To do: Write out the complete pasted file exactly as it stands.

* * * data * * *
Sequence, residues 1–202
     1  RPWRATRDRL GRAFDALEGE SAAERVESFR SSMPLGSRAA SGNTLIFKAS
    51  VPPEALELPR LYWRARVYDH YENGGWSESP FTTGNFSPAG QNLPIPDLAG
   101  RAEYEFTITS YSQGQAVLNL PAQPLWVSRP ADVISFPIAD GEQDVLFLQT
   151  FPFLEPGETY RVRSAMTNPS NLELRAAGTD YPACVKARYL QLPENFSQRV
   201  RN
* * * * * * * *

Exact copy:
Sequence, residues 1–202
     1  RPWRATRDRL GRAFDALEGE SAAERVESFR SSMPLGSRAA SGNTLIFKAS
    51  VPPEALELPR LYWRARVYDH YENGGWSESP FTTGNFSPAG QNLPIPDLAG
   101  RAEYEFTITS YSQGQAVLNL PAQPLWVSRP ADVISFPIAD GEQDVLFLQT
   151  FPFLEPGETY RVRSAMTNPS NLELRAAGTD YPACVKARYL QLPENFSQRV
   201  RN